• Time spent traveling does count as work time, if a teleworker is directed to travel to the main office during his/her regular scheduled basic tour of duty, for instance for an unplanned meeting.
  • The teleworker must receive approval from his/her supervisor for any trips to the main office on his/her telecommuting day.


  • Teleworkers should meet with their supervisors and work group to coordinate the details of the Telework arrangements.
  • The information technology professionals are responsible for providing the information and training necessary for teleworkers to achieve the level of remote access needed to ensure their continuing productivity.
  • Teleworkers, supervisors, and other members of the work group should coordinate training needed to manage office coverage including advance “telephone skills” such as call forwarding, and setting up conference calls.
  • Teleworkers, supervisors, and other members of the work group will use MS Outlook resources so allow remote access to calendars, email, task planning, etc.


  • The SRO will keep his/her activity report current and will use it to log work done during teleworking. The text field in the Activity Report form is a convenient place to note progress.
  • Tasks not covered by the activity report will be communicated to the Branch Chief by e-mail. Non SRO Federal employees should use e-mail for reporting to his/her Branch Chief.
  • All teleworkers and their supervisors agree, by entering into a Telework agreement, to follow reporting and evaluation requirements.
  • A completed and signed Telework agreement, to be renewed with each teleworker at least semi annually as part of the calendar year performance review cycle.
  • An annual NIH-wide web-based evaluation to be coordinated by IC Telework coordinators and complete by all teleworkers and their supervisors.


The teleworker will be evaluated at 3 months, 6 months, 9 months and 1 year. The teleworker will be evaluated by his/her Branch Chief according to the following criteria:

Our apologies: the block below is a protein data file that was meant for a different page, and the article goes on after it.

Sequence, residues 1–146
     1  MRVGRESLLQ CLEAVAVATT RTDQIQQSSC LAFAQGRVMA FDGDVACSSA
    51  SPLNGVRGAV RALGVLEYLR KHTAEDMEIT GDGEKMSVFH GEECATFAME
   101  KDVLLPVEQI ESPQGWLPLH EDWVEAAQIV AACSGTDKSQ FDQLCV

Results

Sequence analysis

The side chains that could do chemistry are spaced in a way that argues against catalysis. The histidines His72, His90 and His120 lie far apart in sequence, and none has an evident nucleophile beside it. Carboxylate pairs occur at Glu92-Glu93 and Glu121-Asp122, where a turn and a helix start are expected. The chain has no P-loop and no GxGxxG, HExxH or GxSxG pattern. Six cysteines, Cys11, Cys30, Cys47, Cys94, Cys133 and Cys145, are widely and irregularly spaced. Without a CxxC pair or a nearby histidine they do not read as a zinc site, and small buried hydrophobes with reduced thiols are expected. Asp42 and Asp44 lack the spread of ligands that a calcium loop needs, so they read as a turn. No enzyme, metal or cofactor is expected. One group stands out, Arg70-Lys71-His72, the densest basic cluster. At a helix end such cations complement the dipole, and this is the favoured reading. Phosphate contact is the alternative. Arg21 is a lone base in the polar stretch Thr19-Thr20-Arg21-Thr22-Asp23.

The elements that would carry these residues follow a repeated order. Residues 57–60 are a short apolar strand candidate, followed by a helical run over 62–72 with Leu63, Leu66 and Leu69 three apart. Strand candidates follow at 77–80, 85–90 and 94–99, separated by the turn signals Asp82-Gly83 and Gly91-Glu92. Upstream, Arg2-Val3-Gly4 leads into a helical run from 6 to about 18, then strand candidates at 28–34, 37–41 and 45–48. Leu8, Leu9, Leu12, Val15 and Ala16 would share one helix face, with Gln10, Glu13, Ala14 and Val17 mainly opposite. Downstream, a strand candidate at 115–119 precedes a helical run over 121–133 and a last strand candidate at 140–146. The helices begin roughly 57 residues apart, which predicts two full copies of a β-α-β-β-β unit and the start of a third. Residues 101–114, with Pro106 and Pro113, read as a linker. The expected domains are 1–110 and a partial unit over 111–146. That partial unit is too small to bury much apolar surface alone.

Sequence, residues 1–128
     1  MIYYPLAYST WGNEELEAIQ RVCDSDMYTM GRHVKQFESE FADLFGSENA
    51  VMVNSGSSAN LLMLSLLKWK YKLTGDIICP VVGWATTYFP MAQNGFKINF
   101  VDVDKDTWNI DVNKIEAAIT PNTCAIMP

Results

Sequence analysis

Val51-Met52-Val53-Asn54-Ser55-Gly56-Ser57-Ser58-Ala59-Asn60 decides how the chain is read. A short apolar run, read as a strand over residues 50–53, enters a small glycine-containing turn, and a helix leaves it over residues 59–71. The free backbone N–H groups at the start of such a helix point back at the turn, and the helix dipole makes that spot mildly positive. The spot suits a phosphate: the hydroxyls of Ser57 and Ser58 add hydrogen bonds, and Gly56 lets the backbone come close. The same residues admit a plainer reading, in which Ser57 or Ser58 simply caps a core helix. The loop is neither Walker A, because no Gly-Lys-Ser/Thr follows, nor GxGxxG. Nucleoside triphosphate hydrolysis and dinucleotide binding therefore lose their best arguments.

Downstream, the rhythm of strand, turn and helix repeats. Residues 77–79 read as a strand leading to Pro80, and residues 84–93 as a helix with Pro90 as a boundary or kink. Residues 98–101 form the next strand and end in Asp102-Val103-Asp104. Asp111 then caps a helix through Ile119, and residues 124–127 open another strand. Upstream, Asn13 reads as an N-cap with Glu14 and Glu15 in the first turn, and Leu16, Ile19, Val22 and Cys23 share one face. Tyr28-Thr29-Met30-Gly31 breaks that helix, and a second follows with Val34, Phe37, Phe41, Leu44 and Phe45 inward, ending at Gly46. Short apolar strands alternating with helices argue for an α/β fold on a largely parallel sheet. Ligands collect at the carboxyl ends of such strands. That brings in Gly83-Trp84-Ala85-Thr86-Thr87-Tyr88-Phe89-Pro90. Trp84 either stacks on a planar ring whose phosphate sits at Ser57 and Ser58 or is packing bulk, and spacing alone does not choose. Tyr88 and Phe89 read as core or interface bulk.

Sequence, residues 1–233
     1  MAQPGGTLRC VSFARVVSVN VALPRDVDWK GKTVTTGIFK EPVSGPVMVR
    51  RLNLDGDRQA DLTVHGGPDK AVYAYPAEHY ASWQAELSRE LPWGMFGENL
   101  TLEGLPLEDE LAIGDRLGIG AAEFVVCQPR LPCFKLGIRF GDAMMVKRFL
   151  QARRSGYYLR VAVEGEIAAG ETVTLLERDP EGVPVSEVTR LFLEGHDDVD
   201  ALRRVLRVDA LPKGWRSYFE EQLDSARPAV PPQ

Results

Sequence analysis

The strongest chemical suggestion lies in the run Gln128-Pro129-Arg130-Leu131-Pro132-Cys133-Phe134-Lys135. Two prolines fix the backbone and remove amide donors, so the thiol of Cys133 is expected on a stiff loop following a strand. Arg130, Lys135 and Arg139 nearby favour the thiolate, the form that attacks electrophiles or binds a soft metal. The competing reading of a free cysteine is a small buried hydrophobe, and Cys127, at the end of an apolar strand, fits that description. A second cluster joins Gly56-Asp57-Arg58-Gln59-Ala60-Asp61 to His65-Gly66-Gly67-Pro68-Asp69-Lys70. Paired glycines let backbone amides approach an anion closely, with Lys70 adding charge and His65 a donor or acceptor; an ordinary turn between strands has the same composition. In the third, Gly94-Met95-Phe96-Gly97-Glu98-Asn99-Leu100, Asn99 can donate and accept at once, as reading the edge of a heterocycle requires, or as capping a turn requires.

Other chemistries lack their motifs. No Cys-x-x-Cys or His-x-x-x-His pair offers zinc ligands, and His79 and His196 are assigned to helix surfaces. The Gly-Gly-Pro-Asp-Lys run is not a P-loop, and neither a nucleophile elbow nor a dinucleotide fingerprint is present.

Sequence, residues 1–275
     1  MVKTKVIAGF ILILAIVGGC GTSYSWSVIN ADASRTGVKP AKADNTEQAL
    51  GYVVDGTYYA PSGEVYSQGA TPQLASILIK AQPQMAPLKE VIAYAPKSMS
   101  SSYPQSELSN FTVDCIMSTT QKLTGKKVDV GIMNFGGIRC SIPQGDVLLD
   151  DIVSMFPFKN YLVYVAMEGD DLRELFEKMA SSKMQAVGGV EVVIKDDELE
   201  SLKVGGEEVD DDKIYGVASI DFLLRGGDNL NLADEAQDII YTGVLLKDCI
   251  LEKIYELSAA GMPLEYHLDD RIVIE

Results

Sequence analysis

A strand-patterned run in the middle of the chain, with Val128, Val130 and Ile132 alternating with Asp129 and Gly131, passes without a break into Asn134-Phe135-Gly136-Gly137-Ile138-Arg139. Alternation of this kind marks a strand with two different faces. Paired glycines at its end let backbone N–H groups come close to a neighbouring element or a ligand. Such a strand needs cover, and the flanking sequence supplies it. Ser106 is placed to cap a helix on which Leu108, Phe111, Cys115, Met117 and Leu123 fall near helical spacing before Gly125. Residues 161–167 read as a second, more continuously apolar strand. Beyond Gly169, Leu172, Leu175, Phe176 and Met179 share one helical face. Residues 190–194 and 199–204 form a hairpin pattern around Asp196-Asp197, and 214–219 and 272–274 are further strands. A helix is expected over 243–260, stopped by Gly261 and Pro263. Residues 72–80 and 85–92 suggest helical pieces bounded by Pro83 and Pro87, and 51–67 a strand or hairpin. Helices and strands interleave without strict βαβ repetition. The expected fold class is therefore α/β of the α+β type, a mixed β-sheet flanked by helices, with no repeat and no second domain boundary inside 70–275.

• Activity report – In the activity report the teleworker outlines the tasks initiated and completed at the end of the day and presents the report to his/her Branch Chief on their scheduled one to one meeting.
  • Completing meeting objectives in a timely fashion.
  • Organization and seamless operation – The teleworker is responsible for organizing their work, and Telework must not effect the seamless operation of the organization.
  • Accessibility and communication with the office.


  • Change in circumstances of the IC
  • Change in teleworker’s position description
  • Negative impact of Telework on employee performance
  • Negative impact of Telework on work group performance
  • Failure to appropriately complete the activity report
  • The quality of the work completed is not consistent with experience level and time on the job
  • Inappropriate preparations for communications with staff and customers
  • Lack of preparation of documents needed to complete tasks
  • Consistent failure to come to the office within 2 hours when called (weather and traffic conditions permitting)
  • Consistent refusal to remain on the job Teleworking when there is an emergency closing
  • A pattern of not answering phone or e-mail messages